I stopped believing that God (if God was God) cared about me. He obviously wasn’t bothered by what had happened. And how could an omnipotent being have any compassion for one human, anyway? The God I knew commanded armies to conquer the Promised Land. He wiped out firstborns. He created the universe. He’d even sacrificed his own son. What was I to any God that might be out there? I was nothing.

A few years ago, I bought a Bible. I didn’t buy it because I’d had some religious epiphany and was ready to re-commit myself to Christianity. I bought it because I was irritated at some fundamentalist Christians I’d run across online. I needed a reference so I could more easily lob Bible verses at them to show them how wrong, wrong, wrong they were (even according to the very book they idolized.)

I’d read the gospels before, as a teenager. But, I decided a refresher was a good idea, so I’d have an easier time flipping to the parable I needed to counter the ridiculous stuff these people were saying. I was most familiar with Matthew (as I’d read it several times when I was younger), so I decided to start with John first.

Honestly, in the past, I’d only skimmed through the book of John. I’d read the other three gospels, and really, they all had the same information, right? (Something, something, youths…) This time, when I read John 1, I actually paid attention.

Now, I’d always heard about this thing called the Trinity. There was God, then Jesus, and the Holy Spirit. I never was clear on what exactly the Holy Spirit was (except that it supposedly made my friends at the Assembly of God church speak in tongues), so I pretty much just ignored that since I wasn’t charismatic. And Jesus was the Son of God, so you know, I totally thought I understood that part. I thought it was a sort of hierarchy thing, with God at the top and Jesus and the Holy Spirit right under him.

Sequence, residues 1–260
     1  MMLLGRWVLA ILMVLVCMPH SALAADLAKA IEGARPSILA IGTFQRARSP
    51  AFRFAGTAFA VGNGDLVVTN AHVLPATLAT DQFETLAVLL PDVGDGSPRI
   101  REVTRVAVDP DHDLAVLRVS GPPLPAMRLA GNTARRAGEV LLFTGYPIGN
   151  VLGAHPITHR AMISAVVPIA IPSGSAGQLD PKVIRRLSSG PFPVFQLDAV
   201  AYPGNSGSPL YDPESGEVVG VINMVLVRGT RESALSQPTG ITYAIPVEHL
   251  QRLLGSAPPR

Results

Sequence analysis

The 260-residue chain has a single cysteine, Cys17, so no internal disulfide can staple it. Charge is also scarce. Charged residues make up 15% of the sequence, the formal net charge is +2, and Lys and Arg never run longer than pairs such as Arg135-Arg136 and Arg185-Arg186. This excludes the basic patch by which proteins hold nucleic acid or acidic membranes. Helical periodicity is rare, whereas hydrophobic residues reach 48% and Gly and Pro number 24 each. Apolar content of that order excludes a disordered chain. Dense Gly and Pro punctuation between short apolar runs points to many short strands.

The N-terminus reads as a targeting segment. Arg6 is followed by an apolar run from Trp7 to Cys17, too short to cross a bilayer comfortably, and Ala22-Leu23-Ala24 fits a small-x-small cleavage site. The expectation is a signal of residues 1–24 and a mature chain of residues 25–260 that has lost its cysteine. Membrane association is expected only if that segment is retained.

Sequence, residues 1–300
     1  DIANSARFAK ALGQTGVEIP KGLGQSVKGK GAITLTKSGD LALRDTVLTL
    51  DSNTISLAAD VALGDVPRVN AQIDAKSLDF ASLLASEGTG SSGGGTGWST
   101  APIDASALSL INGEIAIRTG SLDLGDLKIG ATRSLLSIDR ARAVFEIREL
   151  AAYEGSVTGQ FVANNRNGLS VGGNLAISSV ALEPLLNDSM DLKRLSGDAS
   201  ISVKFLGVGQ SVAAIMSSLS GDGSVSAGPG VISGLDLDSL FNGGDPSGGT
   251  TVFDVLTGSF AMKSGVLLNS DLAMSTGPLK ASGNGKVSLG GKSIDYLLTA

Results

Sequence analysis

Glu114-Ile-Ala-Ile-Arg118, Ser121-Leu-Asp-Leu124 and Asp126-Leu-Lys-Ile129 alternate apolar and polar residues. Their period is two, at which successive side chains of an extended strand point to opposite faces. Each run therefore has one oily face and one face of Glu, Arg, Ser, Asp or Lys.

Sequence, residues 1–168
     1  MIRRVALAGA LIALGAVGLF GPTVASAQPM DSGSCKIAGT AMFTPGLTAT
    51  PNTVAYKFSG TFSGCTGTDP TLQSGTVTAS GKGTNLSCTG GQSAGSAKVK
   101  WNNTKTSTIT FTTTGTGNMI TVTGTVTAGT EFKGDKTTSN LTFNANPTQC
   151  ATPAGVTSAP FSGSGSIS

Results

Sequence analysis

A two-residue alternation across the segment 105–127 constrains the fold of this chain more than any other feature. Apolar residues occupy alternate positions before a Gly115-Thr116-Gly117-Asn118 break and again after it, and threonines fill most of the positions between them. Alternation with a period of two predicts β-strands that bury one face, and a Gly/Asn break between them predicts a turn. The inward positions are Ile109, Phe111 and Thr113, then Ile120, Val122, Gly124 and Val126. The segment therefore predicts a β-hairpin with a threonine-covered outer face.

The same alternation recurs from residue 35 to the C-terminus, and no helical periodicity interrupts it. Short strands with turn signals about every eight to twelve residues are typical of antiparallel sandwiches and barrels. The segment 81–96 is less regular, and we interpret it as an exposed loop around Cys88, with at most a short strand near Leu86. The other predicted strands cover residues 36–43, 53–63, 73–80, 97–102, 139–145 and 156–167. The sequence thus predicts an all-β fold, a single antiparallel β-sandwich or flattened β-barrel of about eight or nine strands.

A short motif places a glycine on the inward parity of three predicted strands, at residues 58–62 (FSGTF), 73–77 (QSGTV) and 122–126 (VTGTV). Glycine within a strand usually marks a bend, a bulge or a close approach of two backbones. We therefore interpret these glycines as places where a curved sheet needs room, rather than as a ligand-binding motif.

But John 1 says it’s not a hierarchy at all. Jesus is God. No, I still didn’t have some sort of earth-shaking religious conversion at that point. I sort of went, “Ohhhh, so that’s what everyone’s talking about,” and then went off and checked Facebook.

“In the beginning was the Word, and the Word was with God, and the Word was God. He was with God in the beginning. Through him all things were made; without him nothing was made that has been made. In him was life, and that life was the light of all mankind. The light shines in the darkness, and the darkness has not overcome it.

The Word became flesh and made his dwelling among us. We have seen his glory, the glory of the one and only Son, who came from the Father, full of grace and truth.” John 1:1-5;14

After that, I decided to temporarily abandon John and read Mark and Matthew again.

Reading the gospels with the knowledge that this Jesus fellow was God himself was an entirely different experience from reading them when I was a child and thought I was just reading about the Amazing Adventures of God’s Son.

And when I got to the crucifixion, I didn’t have that overwhelming sense of guilt I’d felt at 15. I guess I was a little in awe, actually. Because how had I missed all of this before?

I thought of God as some distant thing that couldn’t possibly understand humans.

But this was a story about God becoming a human.

I thought that God couldn’t understand human pain, so how could he have compassion for us?